14-year-old Alma Deutscher is a gifted classical composer, violinist and pianist. She was born in February 2005 in Basingstoke, England. Her mother, Janie Steen, has a PhD in Old English poetry from Cambridge. Alma’s Israeli-born father, Guy Deutscher, is a mathematician with a PhD in linguistics from Cambridge. Both parents are amateur musicians – mom plays the piano and dad the flute – as it seems music runs in the family. Alma’s paternal grandmother was a pianist, and her maternal grandfather is an organist. But Alma quickly surpassed them all.
In her first years of life, her mother encouraged Alma’s imagination, telling her stories (both classic fairy tales and improvised). Alma also was the subject of her father’s language experiments related to his professional research. Guy and Janie made sure never to teach her the sky was “blue,” for instance, in an effort to understand why ancient cultures never used this term for the sky. Her perceptions, especially calling the clear sky “white,” were reported by her father in his 2010 book, Through the Language Glass: Why the World Looks Different in Other Languages.
Before she was 2, Alma was singing “Twinkle Twinkle Little Star” with perfect pitch. She could read music before she could read words. Alma started playing the piano when she was 2 years old and the violin when she was 3. Alma recalls hearing a Strauss lullaby when she was 3 “and I asked my parents how music can be so beautiful.” When she was about 4, she started improvising simple melodies on the piano. At age 6, Alma completed her first piano sonata, and at 7 she composed a short opera called “The Sweeper of Dreams.” There followed various compositions for violin, piano, and chamber ensembles. At age 8, she appeared on The Ellen DeGeneres show. At age 9, Alma wrote a concerto for violin and orchestra.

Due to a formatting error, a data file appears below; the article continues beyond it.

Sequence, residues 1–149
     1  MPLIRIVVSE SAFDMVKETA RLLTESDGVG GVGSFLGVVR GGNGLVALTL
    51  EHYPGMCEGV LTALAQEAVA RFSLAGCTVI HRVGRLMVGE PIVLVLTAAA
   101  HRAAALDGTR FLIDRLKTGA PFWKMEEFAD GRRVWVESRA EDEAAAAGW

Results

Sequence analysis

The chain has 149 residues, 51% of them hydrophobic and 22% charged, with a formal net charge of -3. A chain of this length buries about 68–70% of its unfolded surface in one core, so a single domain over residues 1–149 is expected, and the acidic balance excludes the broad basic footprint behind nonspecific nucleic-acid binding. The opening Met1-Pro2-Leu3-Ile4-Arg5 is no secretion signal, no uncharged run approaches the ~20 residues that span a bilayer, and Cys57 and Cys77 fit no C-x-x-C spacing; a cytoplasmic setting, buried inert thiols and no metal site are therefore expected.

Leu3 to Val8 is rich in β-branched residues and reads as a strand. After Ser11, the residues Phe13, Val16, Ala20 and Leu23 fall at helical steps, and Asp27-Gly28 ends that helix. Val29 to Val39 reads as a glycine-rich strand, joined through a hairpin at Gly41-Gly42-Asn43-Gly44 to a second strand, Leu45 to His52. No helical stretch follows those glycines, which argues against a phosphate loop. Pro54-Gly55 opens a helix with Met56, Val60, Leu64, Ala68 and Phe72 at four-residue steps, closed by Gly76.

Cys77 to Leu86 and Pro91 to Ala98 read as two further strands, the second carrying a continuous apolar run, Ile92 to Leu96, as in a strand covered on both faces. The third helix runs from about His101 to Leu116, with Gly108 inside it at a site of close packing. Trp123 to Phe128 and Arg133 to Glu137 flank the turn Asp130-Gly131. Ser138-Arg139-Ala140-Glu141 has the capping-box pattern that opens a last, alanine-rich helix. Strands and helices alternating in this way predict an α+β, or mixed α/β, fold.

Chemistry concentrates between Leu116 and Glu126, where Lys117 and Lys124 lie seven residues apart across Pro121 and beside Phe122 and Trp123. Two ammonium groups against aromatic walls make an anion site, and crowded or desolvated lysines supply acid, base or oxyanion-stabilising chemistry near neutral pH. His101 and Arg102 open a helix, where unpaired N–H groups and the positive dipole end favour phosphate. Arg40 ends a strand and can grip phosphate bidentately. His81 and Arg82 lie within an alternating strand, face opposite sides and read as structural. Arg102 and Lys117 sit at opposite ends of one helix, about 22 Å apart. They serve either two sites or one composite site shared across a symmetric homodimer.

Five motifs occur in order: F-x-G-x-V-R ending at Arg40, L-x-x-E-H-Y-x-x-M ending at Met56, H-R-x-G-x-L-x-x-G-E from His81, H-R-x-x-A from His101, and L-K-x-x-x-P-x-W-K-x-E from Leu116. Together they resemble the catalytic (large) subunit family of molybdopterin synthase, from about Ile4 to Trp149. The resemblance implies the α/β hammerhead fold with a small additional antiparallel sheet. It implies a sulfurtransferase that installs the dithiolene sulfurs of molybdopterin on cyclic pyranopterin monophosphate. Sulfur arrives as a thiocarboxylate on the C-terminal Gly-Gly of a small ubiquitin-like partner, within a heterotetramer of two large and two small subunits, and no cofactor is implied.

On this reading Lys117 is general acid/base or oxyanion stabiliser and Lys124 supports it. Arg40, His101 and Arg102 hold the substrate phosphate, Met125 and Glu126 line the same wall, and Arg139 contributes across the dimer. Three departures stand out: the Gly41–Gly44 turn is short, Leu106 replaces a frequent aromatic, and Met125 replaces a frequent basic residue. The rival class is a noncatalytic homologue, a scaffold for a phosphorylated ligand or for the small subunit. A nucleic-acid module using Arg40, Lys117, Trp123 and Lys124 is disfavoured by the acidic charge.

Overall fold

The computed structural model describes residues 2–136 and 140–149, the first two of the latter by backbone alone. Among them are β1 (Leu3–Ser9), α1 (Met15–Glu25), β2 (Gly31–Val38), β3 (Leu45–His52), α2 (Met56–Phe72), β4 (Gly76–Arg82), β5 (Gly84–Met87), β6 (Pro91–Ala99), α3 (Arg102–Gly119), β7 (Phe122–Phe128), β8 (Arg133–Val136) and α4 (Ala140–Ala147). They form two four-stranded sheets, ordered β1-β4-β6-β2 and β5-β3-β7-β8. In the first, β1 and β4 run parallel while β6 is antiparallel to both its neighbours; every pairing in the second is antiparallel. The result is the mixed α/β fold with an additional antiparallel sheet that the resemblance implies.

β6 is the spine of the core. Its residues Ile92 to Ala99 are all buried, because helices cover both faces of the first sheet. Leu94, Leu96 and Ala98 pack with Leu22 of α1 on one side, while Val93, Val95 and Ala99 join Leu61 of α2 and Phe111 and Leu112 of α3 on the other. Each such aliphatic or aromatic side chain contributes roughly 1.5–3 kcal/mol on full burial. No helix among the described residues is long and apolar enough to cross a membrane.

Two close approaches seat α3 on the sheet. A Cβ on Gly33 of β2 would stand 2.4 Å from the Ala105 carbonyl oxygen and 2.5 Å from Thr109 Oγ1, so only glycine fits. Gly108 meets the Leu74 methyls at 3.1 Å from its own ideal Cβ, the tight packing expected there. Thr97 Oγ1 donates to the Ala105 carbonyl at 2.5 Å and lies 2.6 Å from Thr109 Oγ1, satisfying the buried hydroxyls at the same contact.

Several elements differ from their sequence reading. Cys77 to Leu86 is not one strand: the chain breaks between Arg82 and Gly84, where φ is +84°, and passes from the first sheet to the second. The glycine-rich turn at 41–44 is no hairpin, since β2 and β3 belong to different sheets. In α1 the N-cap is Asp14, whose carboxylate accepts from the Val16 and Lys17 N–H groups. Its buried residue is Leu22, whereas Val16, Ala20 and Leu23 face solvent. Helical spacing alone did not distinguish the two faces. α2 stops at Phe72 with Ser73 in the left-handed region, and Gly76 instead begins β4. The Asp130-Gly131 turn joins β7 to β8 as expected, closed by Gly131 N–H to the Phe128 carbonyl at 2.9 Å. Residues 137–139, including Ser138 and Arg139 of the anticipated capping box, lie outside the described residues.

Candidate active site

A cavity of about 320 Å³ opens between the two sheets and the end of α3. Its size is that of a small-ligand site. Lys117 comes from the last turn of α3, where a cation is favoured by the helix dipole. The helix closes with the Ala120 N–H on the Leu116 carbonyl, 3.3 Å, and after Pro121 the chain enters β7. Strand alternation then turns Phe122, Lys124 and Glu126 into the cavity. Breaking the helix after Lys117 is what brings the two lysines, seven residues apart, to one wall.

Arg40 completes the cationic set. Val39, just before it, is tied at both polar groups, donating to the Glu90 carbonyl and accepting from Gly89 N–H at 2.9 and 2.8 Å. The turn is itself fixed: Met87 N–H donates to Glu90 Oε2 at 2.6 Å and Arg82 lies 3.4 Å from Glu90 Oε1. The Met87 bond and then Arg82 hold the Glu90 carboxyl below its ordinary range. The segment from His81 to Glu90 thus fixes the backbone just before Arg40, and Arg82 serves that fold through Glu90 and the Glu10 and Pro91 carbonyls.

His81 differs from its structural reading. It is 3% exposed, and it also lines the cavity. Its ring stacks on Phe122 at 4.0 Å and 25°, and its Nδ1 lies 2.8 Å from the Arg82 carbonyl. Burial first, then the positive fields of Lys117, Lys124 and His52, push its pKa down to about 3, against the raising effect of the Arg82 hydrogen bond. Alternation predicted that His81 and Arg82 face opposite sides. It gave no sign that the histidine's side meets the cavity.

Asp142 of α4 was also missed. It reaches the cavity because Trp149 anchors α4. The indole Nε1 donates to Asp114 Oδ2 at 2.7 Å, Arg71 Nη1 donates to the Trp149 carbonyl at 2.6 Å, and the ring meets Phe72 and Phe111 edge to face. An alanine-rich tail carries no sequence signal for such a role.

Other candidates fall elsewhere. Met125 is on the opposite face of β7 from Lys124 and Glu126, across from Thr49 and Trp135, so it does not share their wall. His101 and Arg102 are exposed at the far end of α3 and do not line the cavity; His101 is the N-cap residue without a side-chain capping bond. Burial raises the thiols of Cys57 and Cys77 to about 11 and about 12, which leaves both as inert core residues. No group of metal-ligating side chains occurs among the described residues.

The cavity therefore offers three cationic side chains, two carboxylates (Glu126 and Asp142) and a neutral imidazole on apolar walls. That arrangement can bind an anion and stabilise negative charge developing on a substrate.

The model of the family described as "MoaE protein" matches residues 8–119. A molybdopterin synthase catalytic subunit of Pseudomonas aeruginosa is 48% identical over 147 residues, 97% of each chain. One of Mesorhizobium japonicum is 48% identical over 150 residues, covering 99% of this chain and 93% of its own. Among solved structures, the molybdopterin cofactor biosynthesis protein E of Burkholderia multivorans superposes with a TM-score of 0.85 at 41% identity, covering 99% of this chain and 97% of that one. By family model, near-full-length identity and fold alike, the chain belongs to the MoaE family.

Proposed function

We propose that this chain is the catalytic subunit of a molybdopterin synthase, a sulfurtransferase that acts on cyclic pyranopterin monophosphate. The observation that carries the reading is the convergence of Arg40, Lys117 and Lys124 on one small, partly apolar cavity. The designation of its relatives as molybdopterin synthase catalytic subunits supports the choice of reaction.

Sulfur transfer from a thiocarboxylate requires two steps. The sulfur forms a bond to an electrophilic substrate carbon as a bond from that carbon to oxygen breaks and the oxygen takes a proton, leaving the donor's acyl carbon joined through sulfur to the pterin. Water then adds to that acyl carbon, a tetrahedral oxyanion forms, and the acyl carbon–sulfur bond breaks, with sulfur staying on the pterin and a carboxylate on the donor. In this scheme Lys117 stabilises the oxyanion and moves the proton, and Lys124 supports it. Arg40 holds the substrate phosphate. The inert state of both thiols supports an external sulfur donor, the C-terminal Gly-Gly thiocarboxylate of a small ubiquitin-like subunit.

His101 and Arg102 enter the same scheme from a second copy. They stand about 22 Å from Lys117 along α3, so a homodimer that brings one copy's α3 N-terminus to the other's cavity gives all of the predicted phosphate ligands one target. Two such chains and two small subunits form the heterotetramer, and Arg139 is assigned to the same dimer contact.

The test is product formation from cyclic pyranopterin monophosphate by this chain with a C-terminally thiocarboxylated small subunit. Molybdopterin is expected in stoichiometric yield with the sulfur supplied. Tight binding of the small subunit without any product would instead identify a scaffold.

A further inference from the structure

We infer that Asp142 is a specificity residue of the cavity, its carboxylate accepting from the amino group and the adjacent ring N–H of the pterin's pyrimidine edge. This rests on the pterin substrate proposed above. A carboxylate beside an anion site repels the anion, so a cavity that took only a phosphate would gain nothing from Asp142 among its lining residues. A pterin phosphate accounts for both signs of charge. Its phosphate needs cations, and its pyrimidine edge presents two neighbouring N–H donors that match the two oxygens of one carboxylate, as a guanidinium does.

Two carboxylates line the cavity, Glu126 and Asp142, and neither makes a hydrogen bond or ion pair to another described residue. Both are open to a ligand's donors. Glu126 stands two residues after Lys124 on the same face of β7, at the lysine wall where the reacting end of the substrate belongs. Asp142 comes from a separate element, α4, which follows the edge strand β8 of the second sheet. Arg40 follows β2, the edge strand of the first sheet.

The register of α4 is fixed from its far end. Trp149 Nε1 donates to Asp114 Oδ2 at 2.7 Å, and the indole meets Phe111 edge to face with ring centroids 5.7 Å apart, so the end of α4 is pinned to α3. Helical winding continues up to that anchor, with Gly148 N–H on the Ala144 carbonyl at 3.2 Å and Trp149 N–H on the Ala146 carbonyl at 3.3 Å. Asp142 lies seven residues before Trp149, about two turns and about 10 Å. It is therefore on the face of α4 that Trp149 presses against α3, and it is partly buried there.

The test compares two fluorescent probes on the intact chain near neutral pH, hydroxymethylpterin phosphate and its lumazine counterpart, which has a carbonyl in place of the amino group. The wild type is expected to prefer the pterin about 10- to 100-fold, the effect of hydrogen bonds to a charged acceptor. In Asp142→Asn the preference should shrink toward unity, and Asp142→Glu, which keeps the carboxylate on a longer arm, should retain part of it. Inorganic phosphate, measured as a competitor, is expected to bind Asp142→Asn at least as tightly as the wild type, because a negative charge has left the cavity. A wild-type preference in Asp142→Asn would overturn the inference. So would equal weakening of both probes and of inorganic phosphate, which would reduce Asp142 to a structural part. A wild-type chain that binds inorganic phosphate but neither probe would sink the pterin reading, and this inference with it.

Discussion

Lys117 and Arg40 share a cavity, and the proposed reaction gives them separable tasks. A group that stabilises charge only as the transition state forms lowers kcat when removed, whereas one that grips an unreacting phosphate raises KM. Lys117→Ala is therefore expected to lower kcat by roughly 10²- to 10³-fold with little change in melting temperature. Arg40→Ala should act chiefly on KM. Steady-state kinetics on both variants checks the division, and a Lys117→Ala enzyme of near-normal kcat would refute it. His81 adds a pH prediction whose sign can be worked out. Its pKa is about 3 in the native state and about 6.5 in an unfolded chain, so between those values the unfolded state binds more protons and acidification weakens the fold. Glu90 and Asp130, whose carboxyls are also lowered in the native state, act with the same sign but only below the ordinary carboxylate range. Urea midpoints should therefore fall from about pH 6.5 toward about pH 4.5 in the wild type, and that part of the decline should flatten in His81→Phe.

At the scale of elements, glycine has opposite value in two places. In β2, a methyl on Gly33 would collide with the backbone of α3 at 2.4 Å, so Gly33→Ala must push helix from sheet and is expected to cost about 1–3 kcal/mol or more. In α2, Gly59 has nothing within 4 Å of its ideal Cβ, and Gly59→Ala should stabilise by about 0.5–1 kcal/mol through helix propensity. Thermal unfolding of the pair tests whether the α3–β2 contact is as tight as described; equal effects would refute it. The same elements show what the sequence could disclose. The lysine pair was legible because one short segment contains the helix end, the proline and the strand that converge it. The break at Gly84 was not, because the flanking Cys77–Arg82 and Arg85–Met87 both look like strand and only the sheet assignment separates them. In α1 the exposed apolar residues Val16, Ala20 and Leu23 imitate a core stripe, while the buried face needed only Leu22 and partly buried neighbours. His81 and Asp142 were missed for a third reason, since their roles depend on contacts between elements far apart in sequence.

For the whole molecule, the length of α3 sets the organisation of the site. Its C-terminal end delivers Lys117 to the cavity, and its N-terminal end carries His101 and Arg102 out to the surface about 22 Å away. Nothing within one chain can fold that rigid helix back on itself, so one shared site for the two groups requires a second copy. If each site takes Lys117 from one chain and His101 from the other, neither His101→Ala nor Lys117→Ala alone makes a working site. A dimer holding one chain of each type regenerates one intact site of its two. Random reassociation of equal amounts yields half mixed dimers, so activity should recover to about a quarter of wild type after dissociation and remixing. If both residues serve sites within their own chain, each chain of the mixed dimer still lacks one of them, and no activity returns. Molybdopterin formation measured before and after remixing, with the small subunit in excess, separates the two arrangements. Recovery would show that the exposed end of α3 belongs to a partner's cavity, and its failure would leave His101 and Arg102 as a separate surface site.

Rise to Fame
Between the ages of 9-11, Alma composed a full-length opera, “Cinderella,” which has been performed in Israel, Austria, and most recently in the USA, to standing ovations and international critical acclaim. She cleverly tweaked the story to make Cinderella a composer and the prince a poet, while the evil stepsisters are pompous prima donnas. “I thought the prince having to ask whose foot would fit the slipper doesn’t make much sense,” she logically explained. “Lots of people might have the same size foot, but only one person could have written that melody.” The full version of the opera has been released on DVD with Sony Classical.
At age 12, Alma completed her first piano concerto, which premiered in Austria to the jubilation of the public and the press. In 2017, she was the subject of an hour long BBC Documentary and a CBS 60 Minutes feature. Her first CD, “The Music of Alma Deutscher,” was released in November 2017. A children’s version of Alma’s opera was staged by the Vienna State Opera in 2018 and revived in October 2019. Her first piano solo album, “From My Book of Melodies,” will be released by Sony Classical on November 8, 2019. (Pre-order the CD on Amazon.com.)
In the Footsteps of Mozart
Although Alma lived in the English county of Surrey, “I grew up on the music of Mozart, Schubert, Beethoven and Haydn,” she told the New York Times. “Musically speaking, I think that Vienna’s always been my home.” The family decided last year to move there, so Alma could indulge in the wide range of musical opportunities the city offered. However, Alma plays down the inevitable comparisons to Mozart, who like her was just 11 years old when his first opera was performed. “There was only one Mozart and I prefer to be Alma than to be the second Mozart,” she said.
As a creative individual, Alma defies labels. Perhaps what most sets her apart is the intensity of her imagination. When she was younger, she made up her own world with its own language and she still daydreams about it today. She has written biographies of all the wonderful composers who live there (“named Antonin Yellowsink and Ashy and Shell and Flara”), created a magazine, “Paris Flash,” for the inhabitants, composed a national anthem, and she even dresses up as the characters.